What were our most read articles this past year? From dealing with identity and workplace weakness, through to practical tips on how to resign in a God-honouring way, here are our top 5 articles of 2018!
The Apostle Paul instructs us to "bear with each other". But that can be hard to do in the workplace. How might understanding that we're all a bit crazy possibly help?
Much workplace conversation is characterised by grumbling, a behaviour that does not honour God. But this is not to say that there is no place for Christians to acknowledge that things are not the way that they are meant to be. There is an alternative to gossip and grumbling.
There’s the “toy guy” from HR who keeps toys in his office, the “YouTube guy” who shares the internet memes. And, of course, “food guy” who always brings the best food. Long after they’ve moved on, your colleagues may have forgotten your job title, but they’ll remember your “thing in the workplace.” What's yours?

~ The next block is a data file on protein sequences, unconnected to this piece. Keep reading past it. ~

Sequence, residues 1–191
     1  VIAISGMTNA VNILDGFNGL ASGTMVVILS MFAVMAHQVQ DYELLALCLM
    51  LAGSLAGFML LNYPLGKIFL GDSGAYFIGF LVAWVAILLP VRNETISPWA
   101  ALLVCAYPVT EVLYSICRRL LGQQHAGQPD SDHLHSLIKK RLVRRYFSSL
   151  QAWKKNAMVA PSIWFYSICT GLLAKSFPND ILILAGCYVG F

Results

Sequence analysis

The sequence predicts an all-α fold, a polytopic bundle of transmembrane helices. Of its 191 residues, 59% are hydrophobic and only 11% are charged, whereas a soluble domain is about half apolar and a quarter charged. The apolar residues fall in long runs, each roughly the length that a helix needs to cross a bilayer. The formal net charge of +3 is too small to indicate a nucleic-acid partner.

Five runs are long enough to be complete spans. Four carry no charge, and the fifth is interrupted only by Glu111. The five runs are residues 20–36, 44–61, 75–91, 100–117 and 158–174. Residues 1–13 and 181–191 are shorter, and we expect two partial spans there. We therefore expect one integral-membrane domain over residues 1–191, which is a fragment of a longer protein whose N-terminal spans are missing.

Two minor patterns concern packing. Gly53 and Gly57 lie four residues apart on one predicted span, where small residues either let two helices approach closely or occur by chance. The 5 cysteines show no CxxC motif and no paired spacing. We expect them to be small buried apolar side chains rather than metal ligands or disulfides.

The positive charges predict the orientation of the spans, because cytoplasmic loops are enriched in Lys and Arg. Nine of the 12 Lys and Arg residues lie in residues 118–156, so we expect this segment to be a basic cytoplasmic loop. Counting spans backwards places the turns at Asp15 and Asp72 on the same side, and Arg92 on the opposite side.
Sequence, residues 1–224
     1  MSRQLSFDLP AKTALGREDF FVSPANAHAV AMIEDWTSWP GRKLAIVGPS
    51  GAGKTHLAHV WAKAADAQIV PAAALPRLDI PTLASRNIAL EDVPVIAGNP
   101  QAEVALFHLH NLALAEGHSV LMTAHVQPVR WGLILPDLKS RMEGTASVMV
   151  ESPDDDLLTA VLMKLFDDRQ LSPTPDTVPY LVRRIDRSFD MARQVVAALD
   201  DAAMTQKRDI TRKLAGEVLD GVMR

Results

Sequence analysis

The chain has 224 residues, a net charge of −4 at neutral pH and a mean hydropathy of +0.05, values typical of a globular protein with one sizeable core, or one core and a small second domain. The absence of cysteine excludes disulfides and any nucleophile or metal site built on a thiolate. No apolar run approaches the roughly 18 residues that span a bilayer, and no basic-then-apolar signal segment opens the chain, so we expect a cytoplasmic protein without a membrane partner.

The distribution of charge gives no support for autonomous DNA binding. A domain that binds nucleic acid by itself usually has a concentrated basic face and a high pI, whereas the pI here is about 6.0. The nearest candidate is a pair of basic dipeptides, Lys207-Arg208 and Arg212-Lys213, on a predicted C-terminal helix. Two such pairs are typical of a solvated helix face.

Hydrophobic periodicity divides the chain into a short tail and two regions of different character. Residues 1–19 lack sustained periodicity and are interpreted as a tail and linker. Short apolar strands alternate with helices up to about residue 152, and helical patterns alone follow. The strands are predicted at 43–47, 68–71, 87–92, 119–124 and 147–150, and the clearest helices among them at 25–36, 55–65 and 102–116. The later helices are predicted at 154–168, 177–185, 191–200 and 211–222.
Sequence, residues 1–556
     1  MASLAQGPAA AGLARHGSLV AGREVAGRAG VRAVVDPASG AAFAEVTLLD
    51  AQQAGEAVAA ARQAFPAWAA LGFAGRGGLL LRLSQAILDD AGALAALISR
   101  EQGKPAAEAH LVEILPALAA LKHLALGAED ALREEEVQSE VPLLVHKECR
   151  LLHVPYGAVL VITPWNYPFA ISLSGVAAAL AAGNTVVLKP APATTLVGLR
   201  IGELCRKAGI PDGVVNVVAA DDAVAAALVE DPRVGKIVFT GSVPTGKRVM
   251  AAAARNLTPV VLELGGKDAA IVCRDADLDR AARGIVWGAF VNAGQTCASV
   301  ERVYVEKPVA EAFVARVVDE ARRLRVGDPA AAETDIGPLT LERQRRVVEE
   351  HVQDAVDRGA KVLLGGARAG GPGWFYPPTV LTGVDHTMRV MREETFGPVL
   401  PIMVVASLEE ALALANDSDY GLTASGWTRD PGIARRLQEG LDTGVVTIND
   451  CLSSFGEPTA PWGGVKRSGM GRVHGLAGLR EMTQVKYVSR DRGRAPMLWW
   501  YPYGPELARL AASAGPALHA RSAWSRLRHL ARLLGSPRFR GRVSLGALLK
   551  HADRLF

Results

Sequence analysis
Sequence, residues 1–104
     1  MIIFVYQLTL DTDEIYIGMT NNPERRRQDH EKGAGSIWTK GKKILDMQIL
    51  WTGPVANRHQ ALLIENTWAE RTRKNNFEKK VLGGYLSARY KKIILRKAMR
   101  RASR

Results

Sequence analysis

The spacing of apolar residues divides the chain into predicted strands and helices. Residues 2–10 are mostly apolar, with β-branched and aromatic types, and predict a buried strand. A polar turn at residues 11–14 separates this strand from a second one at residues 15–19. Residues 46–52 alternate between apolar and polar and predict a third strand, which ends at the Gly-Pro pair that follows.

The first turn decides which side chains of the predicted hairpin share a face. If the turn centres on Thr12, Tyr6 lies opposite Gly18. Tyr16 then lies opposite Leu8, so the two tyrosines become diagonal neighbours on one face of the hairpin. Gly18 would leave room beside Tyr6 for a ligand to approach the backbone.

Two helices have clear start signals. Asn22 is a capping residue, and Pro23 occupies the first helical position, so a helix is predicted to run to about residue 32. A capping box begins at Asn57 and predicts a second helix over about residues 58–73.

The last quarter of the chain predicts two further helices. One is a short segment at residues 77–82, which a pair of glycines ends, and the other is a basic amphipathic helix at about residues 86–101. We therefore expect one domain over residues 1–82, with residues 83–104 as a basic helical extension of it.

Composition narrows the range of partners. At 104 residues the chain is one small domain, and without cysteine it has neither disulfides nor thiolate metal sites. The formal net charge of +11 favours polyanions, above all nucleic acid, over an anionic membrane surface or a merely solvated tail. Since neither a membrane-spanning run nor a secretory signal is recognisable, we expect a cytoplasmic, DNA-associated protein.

Watch the fourth talks in the series Your work in God's story, exploring the value of our work in the light of eternity.
Beyond everyday ethics, the story of the Bible shapes how we engage with technology. Given the ever accelerating rate of technological change, let's start looking beyond each "new tool" or "disruptive trend" to build a stronger underlying “theology” of technology.
Watch the third two talks in the series Your work in God's story, exploring the beautiful identity that the Gospel gives us, and how that overflows into a beautiful life in the workplace.
One of the most common problems young workers face is one where they are not getting enough rest. Fatigue affects us all. Jesus offers us a better way to understand our fatigue and offers a solution in himself.
We’re halfway through 2018. What have been our most popular articles to date? Check out the ones you might have missed, or re-read and share them with others.
Few of us need any convincing that work can be difficult, hard, and frustrating. How does the Christian faith address the problems of work? Not by offering a solution from them, but rather a way of navigating through them. And the starting point is understanding the ultimate problem of work, that is, the problem behind these problems.